An animal rights activist planted two home-made petrol bombs at Oxford University, a court heard this week.
Mel Broughton was said to have worked with others to wage a terrorist campaign against the University’s plans to build a controversial animal testing laboratory.
The jury heard this week that two devices allegedly set off by the defendant ripped apart a sports pavilion owned by The Queen’s College and that a further two unexploded bombs were found beneath a portacabin used by the then Templeton College.
John Price, prosecuting, told the jury at Oxford Crown Court that Broughton was a prominent member of SPEAK, the animal rights organisation that has been campaigning against Oxford University since it announced plans in 2004 to build a bio-medical research laboratory on South Parks Road.
“He is a renowned self-proclaimed activist – a fanatic,” he said.
“He is a, if not the, leading figure of SPEAK, which campaigned against Oxford University’s laboratory.”
The organisation was formed to conduct legal and legitimate protest, but the court heard that there were those within the group that waged a violent and very frightening terrorist campaign against the University.
The jury was also told that Broughton’s DNA was found on one of the components used within one of the discovered unexploded devices.
Speaking as a witness, scientist Dr Rosalyn Hammond confirmed that traces she found on a swab used on one of the unexploded bombs was a match for the defendant.
“The match corresponds with Mr Broughton,” she said.
“The probability of getting this result profile from someone other than Mr Broughton is one in one billion.”
Mr Price added that Broughton had a history of being found in possession of incendiary devices and was convicted in 2000 at Northampton Crown Court of conspiracy to cause an explosion likely to endanger life.
He told the court that police who raided the defendant’s home in Semilong Road, Northampton, found items used in the home-made explosives and a notebook containing a list of those people he had been targetting hidden under the carpet.
The officers also found 14 packets of sparklers, a security pass for Oxford University and a battery connector hidden inside a water tank in his bathroom.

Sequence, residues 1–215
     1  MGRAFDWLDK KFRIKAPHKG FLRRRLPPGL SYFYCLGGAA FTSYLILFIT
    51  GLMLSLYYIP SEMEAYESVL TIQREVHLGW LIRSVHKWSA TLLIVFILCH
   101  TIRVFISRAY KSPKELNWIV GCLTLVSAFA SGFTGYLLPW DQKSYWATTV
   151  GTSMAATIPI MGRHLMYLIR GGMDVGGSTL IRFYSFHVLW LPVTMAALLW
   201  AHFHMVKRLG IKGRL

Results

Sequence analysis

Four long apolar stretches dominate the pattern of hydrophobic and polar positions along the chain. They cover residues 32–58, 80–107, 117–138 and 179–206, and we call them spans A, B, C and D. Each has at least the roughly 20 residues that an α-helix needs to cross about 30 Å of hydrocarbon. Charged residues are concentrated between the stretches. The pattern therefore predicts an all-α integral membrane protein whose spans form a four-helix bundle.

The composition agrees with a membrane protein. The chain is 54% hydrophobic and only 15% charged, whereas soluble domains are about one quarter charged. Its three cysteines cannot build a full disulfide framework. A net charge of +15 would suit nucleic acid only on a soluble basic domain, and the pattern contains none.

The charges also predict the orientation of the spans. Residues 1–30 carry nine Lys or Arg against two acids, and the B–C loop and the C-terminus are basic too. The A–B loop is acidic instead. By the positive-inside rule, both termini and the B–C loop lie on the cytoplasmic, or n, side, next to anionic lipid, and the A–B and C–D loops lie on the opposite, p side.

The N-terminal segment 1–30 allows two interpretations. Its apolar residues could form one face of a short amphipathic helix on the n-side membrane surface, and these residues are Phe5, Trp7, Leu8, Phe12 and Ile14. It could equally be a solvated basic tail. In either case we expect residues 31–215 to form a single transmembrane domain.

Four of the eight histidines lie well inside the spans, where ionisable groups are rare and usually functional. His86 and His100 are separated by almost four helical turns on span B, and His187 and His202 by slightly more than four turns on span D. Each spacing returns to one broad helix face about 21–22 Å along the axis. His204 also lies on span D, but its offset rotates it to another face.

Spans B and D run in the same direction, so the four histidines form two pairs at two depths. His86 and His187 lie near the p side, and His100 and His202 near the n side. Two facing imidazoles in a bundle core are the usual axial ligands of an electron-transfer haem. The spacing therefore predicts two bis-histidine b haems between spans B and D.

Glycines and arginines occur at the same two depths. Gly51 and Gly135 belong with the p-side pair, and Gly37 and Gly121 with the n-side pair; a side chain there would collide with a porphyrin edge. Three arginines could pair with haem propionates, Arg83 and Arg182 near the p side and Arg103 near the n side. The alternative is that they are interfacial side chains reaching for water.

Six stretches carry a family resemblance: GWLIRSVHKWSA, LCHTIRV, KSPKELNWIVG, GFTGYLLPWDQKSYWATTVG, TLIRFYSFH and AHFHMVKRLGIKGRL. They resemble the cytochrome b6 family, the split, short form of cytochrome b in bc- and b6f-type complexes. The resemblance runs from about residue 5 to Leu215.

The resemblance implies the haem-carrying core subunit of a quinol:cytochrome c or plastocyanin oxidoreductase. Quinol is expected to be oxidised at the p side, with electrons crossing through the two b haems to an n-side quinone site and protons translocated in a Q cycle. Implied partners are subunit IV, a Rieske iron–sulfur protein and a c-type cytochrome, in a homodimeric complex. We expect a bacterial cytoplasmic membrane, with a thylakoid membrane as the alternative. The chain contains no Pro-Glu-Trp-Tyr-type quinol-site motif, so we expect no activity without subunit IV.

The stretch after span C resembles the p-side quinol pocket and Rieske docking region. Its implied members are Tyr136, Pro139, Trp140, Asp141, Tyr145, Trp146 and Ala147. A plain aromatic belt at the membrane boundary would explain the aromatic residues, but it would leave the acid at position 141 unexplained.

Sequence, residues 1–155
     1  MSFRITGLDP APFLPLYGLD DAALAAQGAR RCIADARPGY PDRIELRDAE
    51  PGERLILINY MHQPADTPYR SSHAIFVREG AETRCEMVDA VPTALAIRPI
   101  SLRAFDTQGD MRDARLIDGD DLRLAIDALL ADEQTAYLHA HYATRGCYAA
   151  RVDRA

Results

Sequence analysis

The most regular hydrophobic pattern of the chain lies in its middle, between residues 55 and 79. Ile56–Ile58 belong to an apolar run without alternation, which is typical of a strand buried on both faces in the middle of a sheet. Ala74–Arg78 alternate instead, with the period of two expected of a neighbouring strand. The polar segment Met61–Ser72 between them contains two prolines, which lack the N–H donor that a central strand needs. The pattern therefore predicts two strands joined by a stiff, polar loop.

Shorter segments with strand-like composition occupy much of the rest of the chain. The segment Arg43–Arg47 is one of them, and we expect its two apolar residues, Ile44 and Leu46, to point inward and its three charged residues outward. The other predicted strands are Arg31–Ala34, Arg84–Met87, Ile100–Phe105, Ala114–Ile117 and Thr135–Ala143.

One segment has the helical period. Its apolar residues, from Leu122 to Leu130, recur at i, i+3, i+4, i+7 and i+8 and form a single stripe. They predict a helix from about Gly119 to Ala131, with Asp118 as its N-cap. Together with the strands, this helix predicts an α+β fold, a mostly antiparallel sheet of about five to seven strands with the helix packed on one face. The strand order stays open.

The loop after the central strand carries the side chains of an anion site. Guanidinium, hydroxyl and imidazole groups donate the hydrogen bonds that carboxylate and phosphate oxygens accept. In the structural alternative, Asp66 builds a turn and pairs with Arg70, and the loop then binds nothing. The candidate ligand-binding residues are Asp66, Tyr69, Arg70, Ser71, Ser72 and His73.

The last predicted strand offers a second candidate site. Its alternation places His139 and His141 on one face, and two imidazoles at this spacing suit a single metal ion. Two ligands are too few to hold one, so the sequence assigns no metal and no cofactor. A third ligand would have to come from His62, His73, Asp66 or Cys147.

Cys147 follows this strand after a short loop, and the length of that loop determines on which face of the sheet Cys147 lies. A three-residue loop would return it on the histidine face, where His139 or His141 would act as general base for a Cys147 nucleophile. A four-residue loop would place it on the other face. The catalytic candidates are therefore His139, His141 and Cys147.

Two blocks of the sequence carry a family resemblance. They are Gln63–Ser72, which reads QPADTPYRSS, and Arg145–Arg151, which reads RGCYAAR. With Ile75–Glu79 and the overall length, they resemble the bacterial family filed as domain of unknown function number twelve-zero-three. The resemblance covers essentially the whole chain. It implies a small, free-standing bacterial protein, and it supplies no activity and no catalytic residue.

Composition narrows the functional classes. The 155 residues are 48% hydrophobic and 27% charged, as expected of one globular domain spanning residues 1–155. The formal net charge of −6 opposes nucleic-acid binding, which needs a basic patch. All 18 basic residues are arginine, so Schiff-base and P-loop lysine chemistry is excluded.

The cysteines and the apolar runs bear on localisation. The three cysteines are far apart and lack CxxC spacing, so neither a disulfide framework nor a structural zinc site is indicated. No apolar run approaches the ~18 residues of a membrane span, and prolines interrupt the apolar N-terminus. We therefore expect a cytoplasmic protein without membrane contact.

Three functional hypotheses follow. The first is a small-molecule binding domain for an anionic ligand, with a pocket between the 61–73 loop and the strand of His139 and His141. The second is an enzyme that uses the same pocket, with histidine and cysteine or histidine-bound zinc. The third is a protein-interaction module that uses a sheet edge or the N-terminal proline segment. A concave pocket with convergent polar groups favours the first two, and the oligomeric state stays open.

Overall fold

“The devices shared one feature, which was of particularly distinctive importance,” said Mr Price.
“They all, the two devices found at the sports pavilion, and the two devices at the portacabin, were improvised from fuses involving ordinary fireworks bound together as a thread.”
“He did not have them (the sparklers) for use at a future children’s firework party,” said Mr Price.
Mr Price said that the portacabin owned by The Queen’s College was targeted by activists claiming to work for the Animal Liberation Front on the 18th November 2006, with familiar unexploded devices found in an office at Templeton College on February 26th in 2007.
Authorities found 12 litres of fuel in the device at Queen’s College, and 20 litres of fuel in the device found at Templeton College.
Police who searched the destroyed premises found two home-made devices in the roof which had used ordinary firework sparklers as a fuse.
Mr Price said that on both occasions anonymous messages had been placed on the “Bite-Back” animal rights website claiming responsibility for the attacks.
Extremists have consistently posted threats on the website pledging to continue direct action against those associated with the University until the laboratory project is scrapped.
Mr Price said other petrol bomb attacks had also been carried out by the group on cars owned by professors and the University boathouse, although neither of these particular cases necessarily involved the accused.
Broughton denies conspiracy to commit arson, possesion of an article or articles with intent to destroy or damage property, and keeping explosive substances with intent.
He listened carefully as the evidence was given about him and intently studied paperwork relating to the matters before the jury during hearings this week.
The trial continues.